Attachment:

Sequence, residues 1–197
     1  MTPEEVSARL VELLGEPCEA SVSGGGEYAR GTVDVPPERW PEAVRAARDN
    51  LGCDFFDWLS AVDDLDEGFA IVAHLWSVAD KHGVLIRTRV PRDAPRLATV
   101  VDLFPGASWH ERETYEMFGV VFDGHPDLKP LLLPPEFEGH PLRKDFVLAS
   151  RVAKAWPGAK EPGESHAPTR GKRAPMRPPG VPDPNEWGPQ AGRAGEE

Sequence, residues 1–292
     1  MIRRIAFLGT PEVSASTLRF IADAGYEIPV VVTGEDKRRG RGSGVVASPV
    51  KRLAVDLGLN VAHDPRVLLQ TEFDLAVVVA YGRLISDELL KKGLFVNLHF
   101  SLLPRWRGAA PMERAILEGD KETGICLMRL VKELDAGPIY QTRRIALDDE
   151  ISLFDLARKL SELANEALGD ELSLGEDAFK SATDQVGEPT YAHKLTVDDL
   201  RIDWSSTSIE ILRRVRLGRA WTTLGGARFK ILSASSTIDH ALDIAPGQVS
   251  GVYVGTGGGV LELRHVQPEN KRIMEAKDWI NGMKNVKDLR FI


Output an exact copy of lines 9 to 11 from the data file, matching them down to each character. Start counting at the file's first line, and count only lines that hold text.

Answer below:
   101  SLLPRWRGAA PMERAILEGD KETGICLMRL VKELDAGPIY QTRRIALDDE
   151  ISLFDLARKL SELANEALGD ELSLGEDAFK SATDQVGEPT YAHKLTVDDL
   201  RIDWSSTSIE ILRRVRLGRA WTTLGGARFK ILSASSTIDH ALDIAPGQVS